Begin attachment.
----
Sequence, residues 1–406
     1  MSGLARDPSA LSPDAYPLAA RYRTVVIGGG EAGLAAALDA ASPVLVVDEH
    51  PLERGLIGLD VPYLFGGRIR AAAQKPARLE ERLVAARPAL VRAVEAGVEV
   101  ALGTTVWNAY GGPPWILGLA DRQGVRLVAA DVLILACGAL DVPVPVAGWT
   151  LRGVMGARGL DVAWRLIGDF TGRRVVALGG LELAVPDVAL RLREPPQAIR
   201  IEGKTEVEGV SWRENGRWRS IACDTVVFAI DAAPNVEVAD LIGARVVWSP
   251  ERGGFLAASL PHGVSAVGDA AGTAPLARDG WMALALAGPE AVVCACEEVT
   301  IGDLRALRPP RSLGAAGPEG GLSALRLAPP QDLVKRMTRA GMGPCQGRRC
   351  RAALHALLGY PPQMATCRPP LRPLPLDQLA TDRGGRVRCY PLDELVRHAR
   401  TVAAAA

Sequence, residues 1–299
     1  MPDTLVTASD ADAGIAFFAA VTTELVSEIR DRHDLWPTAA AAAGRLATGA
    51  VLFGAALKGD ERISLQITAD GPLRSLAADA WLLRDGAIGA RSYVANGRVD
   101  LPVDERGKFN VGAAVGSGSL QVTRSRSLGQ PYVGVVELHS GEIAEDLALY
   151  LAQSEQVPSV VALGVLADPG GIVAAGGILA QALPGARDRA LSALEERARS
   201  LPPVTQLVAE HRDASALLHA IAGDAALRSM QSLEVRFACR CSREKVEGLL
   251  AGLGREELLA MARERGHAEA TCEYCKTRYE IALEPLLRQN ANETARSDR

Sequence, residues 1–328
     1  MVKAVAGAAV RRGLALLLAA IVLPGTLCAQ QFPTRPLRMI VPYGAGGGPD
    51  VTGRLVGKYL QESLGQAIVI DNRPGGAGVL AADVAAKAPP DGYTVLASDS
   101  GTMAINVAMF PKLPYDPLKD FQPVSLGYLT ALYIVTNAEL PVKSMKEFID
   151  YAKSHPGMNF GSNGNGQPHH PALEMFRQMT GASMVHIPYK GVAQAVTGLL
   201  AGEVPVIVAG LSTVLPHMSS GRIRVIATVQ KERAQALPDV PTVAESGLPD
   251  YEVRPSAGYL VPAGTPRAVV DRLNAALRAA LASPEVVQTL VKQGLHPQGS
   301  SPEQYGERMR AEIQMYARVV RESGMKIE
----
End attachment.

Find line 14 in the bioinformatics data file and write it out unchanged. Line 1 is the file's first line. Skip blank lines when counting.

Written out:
   101  LPVDERGKFN VGAAVGSGSL QVTRSRSLGQ PYVGVVELHS GEIAEDLALY